With the launch of the EarthCare satellite , one of the most complex and ambitious missions in the history of Earth observation begins : with its four cutting-edge instruments, the mission born from the collaboration between the European Space Agency and the Japanese space agency Jaxa will study clouds and aerosols to discover the mechanisms underlying climate change .

“Clouds, aerosols and radiation will soon be understood much more clearly, as a unique mix of four instruments on board EarthCare work to resolve some of the most mysterious aspects of our atmosphere,” ESA Director General wrote on Platform , Josef Aschbacher.

Designed and built by a consortium of over 75 companies with Airbus as prime contractor , the mission has an important contribution from the Italian Space Agency and our country's industry, with Leonardo . The latter created components for two of the four on-board instruments , as well as the solar panels and a special sensor to orient the satellite if necessary.

After the successful launch from the Californian base of Vandenberg with a Falcon 9 rocket, the satellite duly separated from the rocket and about an hour later the Hartebeesthoek Earth station, in South Africa, received the signal indicating that EarthCare had entered its intended orbit, approximately 400 kilometers above the Earth's surface.

Thus begins a mission full of promise, at a time when the pressure of climate change becomes particularly important.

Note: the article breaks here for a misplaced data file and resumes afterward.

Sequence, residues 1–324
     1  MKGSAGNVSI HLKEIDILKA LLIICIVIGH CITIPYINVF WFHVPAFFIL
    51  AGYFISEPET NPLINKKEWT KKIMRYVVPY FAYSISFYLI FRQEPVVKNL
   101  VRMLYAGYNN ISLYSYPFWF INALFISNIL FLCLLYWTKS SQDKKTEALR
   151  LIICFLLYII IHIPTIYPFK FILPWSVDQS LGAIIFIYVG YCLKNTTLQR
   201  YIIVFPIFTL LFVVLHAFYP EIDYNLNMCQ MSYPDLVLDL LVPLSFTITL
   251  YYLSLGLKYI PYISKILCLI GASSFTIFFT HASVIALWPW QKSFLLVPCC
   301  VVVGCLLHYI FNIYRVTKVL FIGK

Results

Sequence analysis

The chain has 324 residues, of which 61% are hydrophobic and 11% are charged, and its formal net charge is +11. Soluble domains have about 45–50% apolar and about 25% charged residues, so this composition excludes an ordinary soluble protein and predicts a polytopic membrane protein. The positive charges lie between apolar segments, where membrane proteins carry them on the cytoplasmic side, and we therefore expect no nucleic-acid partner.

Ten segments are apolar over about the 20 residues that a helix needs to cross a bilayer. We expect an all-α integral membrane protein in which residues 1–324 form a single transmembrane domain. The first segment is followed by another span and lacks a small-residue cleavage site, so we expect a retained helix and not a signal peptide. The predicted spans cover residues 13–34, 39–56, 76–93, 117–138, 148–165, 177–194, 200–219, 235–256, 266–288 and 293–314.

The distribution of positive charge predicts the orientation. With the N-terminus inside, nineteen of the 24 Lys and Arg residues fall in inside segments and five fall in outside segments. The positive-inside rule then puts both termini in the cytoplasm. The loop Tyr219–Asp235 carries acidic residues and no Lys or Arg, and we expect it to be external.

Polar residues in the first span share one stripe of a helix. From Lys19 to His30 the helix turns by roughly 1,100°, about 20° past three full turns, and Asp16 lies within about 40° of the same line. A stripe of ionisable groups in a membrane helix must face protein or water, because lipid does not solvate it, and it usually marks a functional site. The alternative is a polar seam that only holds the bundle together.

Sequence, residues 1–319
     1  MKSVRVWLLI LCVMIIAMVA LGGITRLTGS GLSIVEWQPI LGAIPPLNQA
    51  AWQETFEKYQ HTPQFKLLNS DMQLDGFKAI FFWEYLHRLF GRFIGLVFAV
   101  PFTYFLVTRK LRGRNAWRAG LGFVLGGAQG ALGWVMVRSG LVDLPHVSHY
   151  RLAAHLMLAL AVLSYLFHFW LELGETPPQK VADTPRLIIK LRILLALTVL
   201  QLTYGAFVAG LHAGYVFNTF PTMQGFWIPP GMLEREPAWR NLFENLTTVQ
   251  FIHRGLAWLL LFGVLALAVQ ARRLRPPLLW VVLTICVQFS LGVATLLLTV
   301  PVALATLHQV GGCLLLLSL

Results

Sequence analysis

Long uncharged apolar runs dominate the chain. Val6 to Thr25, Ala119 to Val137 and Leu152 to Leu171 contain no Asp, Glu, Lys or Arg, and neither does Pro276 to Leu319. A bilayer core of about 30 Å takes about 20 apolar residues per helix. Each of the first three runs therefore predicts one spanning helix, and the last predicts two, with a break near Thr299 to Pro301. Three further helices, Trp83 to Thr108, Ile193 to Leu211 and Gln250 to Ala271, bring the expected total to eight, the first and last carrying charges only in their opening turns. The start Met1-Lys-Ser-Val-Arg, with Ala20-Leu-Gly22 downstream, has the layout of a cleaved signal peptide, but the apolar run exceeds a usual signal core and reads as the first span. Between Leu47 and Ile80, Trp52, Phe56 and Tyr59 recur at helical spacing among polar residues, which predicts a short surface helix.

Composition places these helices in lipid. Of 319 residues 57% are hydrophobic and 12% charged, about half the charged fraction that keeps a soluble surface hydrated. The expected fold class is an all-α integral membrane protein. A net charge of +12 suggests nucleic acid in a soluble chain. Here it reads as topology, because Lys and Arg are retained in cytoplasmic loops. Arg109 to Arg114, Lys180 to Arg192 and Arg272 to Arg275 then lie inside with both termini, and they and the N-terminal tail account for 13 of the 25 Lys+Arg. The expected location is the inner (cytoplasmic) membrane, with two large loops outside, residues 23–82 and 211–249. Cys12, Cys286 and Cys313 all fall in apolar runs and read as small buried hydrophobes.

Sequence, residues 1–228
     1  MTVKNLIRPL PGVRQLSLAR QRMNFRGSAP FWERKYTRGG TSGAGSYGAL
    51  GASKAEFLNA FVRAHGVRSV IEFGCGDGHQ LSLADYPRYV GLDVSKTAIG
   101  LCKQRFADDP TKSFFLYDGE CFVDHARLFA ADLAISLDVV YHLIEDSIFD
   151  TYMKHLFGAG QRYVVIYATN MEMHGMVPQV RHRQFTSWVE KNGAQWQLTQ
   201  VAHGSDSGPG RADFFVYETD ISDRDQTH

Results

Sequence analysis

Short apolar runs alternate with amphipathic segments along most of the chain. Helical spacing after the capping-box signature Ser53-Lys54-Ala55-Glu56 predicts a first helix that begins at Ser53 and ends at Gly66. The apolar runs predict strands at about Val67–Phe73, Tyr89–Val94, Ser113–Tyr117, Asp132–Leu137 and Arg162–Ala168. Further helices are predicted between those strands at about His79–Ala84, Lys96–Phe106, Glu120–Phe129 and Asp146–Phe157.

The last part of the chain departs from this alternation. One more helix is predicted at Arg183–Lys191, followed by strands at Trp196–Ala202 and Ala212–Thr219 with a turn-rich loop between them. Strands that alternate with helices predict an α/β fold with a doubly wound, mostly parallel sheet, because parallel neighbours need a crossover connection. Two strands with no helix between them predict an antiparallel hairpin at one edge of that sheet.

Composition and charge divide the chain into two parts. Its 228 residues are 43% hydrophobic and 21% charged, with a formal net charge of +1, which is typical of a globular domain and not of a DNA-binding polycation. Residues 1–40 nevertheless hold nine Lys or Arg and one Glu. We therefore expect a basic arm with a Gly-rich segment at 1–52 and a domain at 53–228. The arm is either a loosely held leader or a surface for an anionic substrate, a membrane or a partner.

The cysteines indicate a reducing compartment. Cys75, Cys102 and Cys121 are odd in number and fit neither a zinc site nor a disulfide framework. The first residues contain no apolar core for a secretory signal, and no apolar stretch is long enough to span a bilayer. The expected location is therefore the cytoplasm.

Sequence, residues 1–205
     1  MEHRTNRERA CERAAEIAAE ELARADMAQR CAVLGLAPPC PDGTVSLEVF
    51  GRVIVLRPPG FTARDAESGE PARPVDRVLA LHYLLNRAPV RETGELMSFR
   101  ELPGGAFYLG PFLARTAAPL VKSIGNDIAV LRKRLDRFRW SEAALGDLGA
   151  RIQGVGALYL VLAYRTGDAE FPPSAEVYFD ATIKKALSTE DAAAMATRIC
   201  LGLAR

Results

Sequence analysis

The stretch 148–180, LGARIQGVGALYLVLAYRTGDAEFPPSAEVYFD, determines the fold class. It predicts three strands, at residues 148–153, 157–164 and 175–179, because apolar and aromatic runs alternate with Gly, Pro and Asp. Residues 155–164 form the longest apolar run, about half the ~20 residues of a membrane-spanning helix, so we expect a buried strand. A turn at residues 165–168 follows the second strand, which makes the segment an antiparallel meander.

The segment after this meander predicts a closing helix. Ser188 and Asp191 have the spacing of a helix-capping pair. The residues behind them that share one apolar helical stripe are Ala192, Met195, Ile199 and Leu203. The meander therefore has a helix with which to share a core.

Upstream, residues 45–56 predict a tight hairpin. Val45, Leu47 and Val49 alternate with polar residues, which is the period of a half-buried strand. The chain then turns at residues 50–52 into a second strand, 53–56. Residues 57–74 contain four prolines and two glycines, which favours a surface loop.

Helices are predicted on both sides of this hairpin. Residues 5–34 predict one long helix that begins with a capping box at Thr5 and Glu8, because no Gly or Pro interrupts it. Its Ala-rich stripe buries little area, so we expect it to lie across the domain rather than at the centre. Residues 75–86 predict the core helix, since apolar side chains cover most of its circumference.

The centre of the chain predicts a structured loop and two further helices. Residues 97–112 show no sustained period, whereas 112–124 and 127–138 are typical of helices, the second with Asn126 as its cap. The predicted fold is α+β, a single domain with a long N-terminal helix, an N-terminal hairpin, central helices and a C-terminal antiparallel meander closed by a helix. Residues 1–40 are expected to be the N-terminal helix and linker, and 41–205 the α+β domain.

Acronym for Earth Cloud Aerosol and Radiation Explorer, the mission has the task of detecting measurements possible only from space, such as those on the role that clouds and aerosols play in heating and cooling the Earth's atmosphere.

Faithful to Japanese tradition, Jaxa has already found a nickname for the satellite: "Hakuryu", which means "White Dragon" due to the satellite's appearance, with its white body and solar panel resembling a long tail.

“The mission comes at a critical time when advancing our scientific knowledge is more important than ever to understand and act on climate change, and we can't wait to receive the first data,” observed Simonetta Cheli, director of the ESA Earth Observation programs. “Increasing the accuracy of global climate models using EarthCARE data will allow us to better predict the future climate and therefore adopt the necessary mitigation measures,” said Eiichi Tomita, the scientific manager of the Jaxa radar which will measure the speed of the ascending and descending flow within the clouds. It is the first instrument in the world capable of detecting a similar measurement.

Another important tool is atmospheric lidar, which uses a laser to measure the profiles of thin clouds and aerosols; the multispectral imager offers a broad overview of the scene in different wavelengths, while the broadband radiometer directly measures reflected solar radiation and outgoing infrared radiation.


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